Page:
St. Paul, Minn.-based Bremer Bank’s 16 employee-shareholders filed a complaint against the three trustees of the Otto Bremer Trust, who, as majority shareholders of Bremer Financial Corp., the bank’s holding company, have proposed to sell the bank, and were met with stark opposition in late October.
The shareholders filed the class-action complaint for breach of fiduciary duty and shareholder oppression. When the Bremer Financial board members opposed the decision to sell the bank, the trust called for the removal of non-OBT board members in an effort to expedite the bank’s merger or sale.
“Today’s action seeks to stop the trustees’ attempted seizure of the employee-shareholders’ voting rights,” said Richard Allyn, partner at Robins Kaplan, the law firm representing the shareholders on Jan. 8.
The 16 employee shareholders allege that the trustees’ efforts to seize voting control of the bank away from its employees and force a sale is unlawful and contrary to Otto Bremer’s vision for the bank to serve and give back to its local communities.
“For the past 30 years, the employees of Bremer Bank have controlled its destiny as majority voting shareholders, and they have nurtured and grown the bank into a landmark financial institution that serves local communities throughout Minnesota, North Dakota and Wisconsin,” Allyn said.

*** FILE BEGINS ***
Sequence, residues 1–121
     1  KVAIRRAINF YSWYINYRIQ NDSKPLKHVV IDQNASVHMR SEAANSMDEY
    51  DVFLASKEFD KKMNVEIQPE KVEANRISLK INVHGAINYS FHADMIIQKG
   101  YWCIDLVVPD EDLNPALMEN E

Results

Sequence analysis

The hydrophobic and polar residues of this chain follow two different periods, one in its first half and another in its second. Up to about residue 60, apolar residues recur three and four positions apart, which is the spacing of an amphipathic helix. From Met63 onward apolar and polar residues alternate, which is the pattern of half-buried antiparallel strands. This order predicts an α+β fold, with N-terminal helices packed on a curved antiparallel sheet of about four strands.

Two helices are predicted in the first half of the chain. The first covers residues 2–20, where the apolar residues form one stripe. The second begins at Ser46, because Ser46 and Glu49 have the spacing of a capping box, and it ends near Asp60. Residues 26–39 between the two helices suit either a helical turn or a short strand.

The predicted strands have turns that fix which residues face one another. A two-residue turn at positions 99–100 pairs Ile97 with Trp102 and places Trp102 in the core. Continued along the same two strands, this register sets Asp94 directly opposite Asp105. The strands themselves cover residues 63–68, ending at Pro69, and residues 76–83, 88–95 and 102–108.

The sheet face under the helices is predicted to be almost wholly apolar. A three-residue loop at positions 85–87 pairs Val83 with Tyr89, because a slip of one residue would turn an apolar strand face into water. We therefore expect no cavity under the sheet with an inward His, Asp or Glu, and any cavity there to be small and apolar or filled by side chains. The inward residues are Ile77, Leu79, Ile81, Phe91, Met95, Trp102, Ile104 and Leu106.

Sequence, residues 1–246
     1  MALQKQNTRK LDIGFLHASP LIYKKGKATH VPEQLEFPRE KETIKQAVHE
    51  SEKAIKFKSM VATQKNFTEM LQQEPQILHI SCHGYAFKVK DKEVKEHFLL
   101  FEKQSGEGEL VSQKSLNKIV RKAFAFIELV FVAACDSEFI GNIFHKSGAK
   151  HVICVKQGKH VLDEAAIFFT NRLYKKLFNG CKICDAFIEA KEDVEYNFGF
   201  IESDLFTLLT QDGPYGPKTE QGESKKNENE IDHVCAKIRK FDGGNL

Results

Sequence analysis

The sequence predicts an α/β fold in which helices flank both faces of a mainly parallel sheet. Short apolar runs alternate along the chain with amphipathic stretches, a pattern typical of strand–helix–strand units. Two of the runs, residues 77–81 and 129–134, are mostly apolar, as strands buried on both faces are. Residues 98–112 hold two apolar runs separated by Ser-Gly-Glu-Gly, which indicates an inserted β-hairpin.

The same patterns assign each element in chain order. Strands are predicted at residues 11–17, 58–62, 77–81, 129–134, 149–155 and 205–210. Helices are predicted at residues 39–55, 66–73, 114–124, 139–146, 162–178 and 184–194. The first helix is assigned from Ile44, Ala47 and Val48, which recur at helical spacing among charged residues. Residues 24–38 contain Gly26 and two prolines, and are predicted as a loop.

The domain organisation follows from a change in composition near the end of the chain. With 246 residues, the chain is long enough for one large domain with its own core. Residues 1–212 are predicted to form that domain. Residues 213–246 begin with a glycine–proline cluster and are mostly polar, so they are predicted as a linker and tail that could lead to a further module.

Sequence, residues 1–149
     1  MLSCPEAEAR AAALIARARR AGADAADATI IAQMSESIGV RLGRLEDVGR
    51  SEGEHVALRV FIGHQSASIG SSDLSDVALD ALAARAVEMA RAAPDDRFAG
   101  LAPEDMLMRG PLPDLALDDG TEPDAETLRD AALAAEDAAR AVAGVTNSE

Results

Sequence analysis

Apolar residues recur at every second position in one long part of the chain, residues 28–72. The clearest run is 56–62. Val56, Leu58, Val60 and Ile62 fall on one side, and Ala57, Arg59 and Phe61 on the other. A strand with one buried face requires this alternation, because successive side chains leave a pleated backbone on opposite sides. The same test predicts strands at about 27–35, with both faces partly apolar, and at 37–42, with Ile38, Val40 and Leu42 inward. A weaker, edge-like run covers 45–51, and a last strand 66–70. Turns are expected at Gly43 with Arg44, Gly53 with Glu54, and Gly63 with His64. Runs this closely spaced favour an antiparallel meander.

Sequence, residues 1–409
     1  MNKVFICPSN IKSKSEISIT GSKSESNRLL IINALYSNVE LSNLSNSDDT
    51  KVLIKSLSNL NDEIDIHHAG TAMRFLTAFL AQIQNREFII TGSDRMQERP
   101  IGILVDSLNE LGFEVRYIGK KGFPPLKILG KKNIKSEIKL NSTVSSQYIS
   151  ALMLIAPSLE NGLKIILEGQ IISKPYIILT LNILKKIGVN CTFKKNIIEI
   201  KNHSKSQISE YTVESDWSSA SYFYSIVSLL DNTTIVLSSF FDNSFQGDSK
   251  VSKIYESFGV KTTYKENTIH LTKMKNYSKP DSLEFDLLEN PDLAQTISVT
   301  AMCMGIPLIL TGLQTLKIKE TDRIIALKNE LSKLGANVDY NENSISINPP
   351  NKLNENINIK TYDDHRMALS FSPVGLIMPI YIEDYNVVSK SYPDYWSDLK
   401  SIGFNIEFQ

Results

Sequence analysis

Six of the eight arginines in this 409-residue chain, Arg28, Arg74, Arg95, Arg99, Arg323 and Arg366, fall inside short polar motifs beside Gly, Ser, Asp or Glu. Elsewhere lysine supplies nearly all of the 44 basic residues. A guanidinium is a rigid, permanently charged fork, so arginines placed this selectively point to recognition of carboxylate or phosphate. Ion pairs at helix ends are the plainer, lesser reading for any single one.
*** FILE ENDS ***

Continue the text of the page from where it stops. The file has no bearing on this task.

The 32-page complaint alleged that the Trustees revoked the shareholders’ voting rights when they sold shares, called “manipulative transfers,” to 19 out-of-state hedge funds.
In response, the Trust said in an emailed statement: “We believe very strongly that the bank’s employees are the integral component of Bremer’s culture, its successes to date, and its future.”
“While we disagree with the substance of today’s legal filing, we share the plaintiff’s obvious concern for what comes next for the bank and its people,” the Jan. 8 statement said. “For that reason, we strongly believe that looking at strategic options for the bank is good for the institution, good for its employees, good for the people and communities who benefit from the philanthropy Otto Bremer made possible and good for everyone who—like the trust—is a shareholder in the enterprise.”
On Jan. 13, Minnesota Attorney General Keith Ellison said he is investigating the circumstances of OBT’s proposed sale of the $12 billion bank, and whether the trustees’ motivations are self-interested and whether the sale is consistent with Otto Bremer’s intent that the trust’s bank shares would only be sold due to “unforeseen circumstances,” as they claim in their response to Bremer’s initial lawsuit against them.
“My job is to protect Minnesotans. Charitable assets are public assets that charitable trusts hold on behalf of the people of Minnesota,” Ellison said in a statement.
“My office is using the broad authority we have under the law to make sure that charitable trust assets are used for the public good,” Ellison said. “This includes by representing the public in making sure that trustees fulfill their fiduciary duties and remain faithful to the charitable purpose of the trust.”